Clean Energy Projects On the Rise Following Bill Passing

Clean Energy Projects On the Rise Following Bill Passing

In August of this year, the Biden Administration signed into law new climate legislation as part of a broader tax, health and energy bill called the Inflation Reduction Act Since then, investments in clean energy projects have been on the rise, partly due to the financial, loan and tax incentives involved.

The bill has sparked new investments and interest in green projects for business of all sizes. Their scope ranges from battery technologies to clean energy generation to electric cars and onto other major environmentally-conscious developments. Many major companies operating in the U.S have gotten onboard.

One notable example is Toyota, which has claimed that it will invest a further $2.5 billion in a new North Carolina electric car battery production factory for its hybrid and electric vehicles. Honda and LG Energy Solution have for their part also pledged to spend $4.4 billion on their own battery factory at a still-unnamed location.

Solar power certainly can't be excluded from these tax-advantaged future plans either. That's possibly why First Solar, a major manufacturer of solar panels, has also said that it would be investing as much as $1.2 billion in its fourth factory so far in the United States.

Pledges Aplenty, but Results When?

Pledges Aplenty, but Results When?

One major problem with the above promises and many others spurred into gear by the Biden bill's energy and green provisions is that they all revolve around things to be done but hardly started. The pledged factories will all require years to build and doing so will involve new consumption of resources, transport fuel use and extensive, time-consuming supply chain logistics.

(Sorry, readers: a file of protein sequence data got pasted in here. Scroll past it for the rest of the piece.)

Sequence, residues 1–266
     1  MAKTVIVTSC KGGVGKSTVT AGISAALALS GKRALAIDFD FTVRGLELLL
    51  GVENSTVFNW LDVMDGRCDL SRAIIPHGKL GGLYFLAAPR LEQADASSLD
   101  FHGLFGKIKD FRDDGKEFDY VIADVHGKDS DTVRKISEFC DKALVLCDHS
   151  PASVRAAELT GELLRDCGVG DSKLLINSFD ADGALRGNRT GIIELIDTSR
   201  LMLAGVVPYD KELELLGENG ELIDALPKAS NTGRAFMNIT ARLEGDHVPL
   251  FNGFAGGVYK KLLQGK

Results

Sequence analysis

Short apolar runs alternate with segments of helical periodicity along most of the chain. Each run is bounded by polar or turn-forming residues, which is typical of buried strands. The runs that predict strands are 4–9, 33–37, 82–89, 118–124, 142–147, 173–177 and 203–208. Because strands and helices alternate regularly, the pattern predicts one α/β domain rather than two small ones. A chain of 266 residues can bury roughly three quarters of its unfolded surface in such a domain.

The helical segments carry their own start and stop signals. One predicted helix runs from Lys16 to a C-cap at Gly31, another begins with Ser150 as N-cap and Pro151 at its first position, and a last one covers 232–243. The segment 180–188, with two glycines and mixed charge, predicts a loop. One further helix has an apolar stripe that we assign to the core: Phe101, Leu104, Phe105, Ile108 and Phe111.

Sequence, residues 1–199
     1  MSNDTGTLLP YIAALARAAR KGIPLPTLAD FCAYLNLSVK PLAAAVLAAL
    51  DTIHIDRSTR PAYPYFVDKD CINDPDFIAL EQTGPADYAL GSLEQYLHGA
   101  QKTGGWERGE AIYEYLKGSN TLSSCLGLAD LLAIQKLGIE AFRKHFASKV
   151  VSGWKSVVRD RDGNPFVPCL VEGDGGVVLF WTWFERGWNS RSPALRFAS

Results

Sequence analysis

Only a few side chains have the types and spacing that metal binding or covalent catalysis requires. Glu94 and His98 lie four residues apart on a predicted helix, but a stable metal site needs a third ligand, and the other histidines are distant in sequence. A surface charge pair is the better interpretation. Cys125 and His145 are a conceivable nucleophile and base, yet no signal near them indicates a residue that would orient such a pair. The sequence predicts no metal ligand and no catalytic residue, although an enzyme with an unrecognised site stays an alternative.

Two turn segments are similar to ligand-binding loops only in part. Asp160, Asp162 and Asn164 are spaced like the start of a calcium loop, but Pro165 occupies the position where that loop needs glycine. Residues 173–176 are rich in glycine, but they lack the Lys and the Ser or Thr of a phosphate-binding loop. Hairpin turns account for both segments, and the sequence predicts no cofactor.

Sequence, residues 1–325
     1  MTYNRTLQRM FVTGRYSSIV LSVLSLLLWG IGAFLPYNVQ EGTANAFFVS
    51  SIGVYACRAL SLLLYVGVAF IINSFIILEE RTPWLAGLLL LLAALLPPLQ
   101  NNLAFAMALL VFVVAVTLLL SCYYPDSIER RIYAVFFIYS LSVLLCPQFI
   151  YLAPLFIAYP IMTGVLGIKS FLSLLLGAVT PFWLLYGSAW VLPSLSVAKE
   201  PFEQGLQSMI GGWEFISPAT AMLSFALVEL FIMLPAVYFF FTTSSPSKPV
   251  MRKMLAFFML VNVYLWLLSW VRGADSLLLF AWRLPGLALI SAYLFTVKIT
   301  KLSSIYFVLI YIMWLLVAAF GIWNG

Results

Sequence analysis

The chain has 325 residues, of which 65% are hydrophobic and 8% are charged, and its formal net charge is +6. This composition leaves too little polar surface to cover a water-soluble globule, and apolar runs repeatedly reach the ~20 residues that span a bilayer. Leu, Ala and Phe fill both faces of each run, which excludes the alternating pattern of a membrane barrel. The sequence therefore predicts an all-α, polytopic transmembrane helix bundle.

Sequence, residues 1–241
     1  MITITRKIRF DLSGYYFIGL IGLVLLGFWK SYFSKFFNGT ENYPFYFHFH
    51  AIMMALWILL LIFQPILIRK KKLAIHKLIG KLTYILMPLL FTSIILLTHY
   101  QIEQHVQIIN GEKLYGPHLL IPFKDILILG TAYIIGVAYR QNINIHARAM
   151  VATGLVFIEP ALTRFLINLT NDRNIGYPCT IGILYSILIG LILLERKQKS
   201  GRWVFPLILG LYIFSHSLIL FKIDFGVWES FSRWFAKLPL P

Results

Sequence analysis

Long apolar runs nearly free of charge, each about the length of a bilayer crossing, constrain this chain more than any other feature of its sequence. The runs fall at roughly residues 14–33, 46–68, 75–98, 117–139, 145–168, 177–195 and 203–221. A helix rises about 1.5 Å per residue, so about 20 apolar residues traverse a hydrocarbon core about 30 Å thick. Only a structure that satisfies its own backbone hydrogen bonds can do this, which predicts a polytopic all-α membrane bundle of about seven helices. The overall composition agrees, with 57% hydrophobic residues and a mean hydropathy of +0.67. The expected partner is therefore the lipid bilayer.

Both the Toyota and Honda/LG plants won't be operational until 2025 at the earliest, and for the First Solar project, there is no timeline at all yet.

To be fair, some of these and other projects were first being developed even before the recent energy bill, so the fundamental motives behind them aren't always about taking advantage of politically-motivated tax incentives. Other, harder legal and geopolitical factors have also played a part in promoting faster green investment.

Harder Motivators for Domestic Energy Investment

Other factors are also inducing greater domestic green investment on both government and corporate levels. For one, the reverberations in trade and supply chain disruptions caused by the Pandemic are still being felt worldwide. A trade war with China and free-trade agreement changes with neighboring Canada and Mexico have also made certain companies invest closer to home.

More recently, the ongoing war between Russia and Ukraine, along with its possibly major geopolitical ramifications, has also been a huge source of tension.

Toyota North America's CEO has asserted that Toyota was making an effort to source raw materials and components for batteries from the United States and its trade allies. This is something that the climate and energy bill promotes in its provisions.

A Long-Term Plan for Energy Supply Independence

Overall, the Biden Administration legislation strongly aims to push government policy and the U.S market towards independence from foreign suppliers like China. It aims to create legal and financial confidence in safe investment returns on green energy projects by U.S-operating companies.

It's estimated that renewable energy investment will in any case grow to a hefty $1.2 trillion by 2035. Most likely, this will happen because of a broad mix of market, geopolitical and legislative pressures.

So far, the Inflation Reduction Act itself has pumped, pledged or guaranteed $369 billion to support the acceleration of these measures for a country based on renewable that can be sourced close to home.

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